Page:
CHARLESTON, W.Va. — Just like a bedtime dream, Randy’s Dream, the bill to boost secondary road repairs, morphed throughout the session.

Randy Smith

Its final form is a bit wispy, because it mandates no money for the cause, but Sen. Randy Smith, R-Tucker, is pleased with what was accomplished.

“I’ve worked hard on it for two months, so it’s kind of nice to see it somewhat come true on the last day. … It makes me feel like I’ve made a difference.”

The core of SB 522 is a new Special Road Repair Fund intended to be used for secondary road maintenance – for roads not eligible for federal funding, which is the vast majority. This is called the Enhanced Road Maintenance Program.

The first version of the fund drew on $200 million from the Rainy Day Fund and two-fifths of state severance tax collections. Senate Finance changed that to two $110,000 million appropriations from general revenue for Fiscal Years 2020 and 2021.

The House changed it again, keeping the Special Road Repair Fund but stripping out any money.

On Saturday, the last day of the session, the bill went to conference committee. Smith was one of the conferees. That committee gave the Division of Highways the authority to place up to $80 million each year into the fund.

The legislature completed action on the bill at around 11 p.m. and sent it to the governor for consideration.

Tom Smith

The language is permissive, not mandatory as Smith said he would have preferred. It will come from what’s called “paygo” money – funds derived from increased taxes and DMV fees dedicated to debt service for the Roads to Prosperity bonds that are not yet needed for debt payments.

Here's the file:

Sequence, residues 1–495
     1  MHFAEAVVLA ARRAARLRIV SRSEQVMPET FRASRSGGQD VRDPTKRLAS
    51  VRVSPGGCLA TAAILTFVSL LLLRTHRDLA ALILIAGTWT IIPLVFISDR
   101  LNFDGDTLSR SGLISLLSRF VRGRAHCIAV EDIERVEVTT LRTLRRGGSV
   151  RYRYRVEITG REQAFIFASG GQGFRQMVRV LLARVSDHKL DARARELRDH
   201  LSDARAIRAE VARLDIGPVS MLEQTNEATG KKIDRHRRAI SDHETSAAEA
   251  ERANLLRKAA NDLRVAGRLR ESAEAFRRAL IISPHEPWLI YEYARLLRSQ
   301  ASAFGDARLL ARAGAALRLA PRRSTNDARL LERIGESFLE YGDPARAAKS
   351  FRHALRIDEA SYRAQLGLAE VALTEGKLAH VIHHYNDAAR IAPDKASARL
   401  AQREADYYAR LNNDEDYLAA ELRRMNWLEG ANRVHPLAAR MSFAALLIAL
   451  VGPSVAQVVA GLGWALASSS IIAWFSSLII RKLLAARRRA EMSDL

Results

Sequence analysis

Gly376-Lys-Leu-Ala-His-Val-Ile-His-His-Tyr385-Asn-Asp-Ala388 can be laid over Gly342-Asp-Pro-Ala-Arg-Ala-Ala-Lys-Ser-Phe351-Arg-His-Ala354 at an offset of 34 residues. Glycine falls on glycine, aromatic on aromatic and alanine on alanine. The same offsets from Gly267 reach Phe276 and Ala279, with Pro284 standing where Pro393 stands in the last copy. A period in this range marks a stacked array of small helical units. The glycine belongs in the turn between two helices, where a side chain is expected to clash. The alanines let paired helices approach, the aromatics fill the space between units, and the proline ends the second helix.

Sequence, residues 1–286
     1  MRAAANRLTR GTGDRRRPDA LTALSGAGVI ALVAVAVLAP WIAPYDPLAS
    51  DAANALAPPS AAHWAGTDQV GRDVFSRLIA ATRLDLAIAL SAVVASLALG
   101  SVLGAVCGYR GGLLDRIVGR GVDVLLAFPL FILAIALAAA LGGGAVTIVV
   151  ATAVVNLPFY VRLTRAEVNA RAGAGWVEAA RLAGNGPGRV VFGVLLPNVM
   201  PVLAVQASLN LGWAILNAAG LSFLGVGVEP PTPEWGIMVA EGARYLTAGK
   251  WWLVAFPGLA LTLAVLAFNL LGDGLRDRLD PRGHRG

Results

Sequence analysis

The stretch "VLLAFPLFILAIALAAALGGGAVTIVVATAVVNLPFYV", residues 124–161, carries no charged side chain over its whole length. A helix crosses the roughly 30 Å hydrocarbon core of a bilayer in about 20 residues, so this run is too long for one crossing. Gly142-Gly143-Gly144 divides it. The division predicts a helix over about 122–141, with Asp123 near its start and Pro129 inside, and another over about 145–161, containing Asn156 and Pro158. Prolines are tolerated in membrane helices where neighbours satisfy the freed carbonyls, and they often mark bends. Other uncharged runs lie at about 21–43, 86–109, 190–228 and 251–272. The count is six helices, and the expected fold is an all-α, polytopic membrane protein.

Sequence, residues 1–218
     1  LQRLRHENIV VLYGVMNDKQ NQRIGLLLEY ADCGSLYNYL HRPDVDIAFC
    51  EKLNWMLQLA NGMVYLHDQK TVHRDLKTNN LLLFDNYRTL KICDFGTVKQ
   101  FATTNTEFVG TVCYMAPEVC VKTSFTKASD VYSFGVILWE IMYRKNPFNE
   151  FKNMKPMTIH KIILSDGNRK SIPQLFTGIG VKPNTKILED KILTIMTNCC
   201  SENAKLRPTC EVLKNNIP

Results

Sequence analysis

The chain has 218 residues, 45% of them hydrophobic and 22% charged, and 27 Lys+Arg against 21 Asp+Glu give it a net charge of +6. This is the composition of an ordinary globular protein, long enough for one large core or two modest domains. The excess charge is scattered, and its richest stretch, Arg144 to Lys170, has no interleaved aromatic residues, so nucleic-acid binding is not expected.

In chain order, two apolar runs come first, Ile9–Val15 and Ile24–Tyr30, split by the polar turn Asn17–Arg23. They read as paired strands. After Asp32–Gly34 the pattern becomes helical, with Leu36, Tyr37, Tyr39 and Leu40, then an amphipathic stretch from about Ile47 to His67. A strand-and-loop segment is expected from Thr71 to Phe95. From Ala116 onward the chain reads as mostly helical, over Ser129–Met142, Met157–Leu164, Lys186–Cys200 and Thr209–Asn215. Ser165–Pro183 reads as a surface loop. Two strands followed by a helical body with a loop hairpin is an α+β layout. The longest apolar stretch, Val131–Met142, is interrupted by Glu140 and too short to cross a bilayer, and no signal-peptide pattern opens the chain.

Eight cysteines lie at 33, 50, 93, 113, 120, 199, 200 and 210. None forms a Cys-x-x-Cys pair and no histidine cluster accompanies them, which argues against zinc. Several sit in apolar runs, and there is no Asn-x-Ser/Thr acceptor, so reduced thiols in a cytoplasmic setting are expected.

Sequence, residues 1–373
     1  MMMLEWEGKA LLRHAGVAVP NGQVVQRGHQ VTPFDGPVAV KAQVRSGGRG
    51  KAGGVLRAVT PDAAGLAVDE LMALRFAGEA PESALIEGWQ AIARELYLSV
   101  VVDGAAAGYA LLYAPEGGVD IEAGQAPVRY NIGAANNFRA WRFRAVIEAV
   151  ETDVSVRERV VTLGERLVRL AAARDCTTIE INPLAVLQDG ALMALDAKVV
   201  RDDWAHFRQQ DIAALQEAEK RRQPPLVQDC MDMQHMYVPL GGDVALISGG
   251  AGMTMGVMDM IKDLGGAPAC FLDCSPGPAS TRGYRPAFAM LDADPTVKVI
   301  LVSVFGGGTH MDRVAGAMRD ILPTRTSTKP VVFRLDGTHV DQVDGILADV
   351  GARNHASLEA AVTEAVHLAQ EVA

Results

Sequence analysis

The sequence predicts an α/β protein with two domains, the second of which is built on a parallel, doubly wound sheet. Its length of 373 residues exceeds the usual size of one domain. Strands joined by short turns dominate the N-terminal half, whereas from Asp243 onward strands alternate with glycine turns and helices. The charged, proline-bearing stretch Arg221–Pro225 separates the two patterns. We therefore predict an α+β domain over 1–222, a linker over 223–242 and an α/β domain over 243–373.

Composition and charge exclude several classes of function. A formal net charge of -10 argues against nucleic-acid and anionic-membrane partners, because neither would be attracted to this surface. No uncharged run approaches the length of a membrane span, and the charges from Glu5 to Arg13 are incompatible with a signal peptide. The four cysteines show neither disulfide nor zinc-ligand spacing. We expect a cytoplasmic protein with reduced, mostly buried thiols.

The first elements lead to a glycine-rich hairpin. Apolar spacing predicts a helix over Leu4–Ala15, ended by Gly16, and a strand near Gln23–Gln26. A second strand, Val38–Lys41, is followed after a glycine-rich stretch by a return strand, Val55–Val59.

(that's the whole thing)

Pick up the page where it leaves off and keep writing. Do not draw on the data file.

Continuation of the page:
“I wanted a little more than $80 million, but it’s going to be over $1 million for each county, so that’s going to help out a lot,” Smith said. The intent is to send each county $1 million, with any remainder sent to the counties with the worst problems.

Gov. Jim Justice may allocate more when he holds his Wednesday press conference, Smith said, and that was his intent: He hoped this bill would prompt the governor to one-up him.

“It has a lot of accountability and mandates where they have to do core maintenance; and that’s as important in the bill as the funding, honestly.”

The bill requires the districts to do 70 percent of their required maintenance each year or contract the work out. And it packages in HB 2012, the country roads accountability and transparency bill. It directs the state auditor to supply on its state spending transparency website financial information about DOH contracted projects in all 55 counties.

“So it’s a big step compared to what it’s been,” he said. “I’m pretty excited that we were able to get something done. I’d have liked to have more funding, but the accountability in it is huge.”

And Smith doesn’t intend to give up. “’ll be back next, because, you know, we’re still going to have road problems next year, unless the governor pulls a rabbit out of his hat.”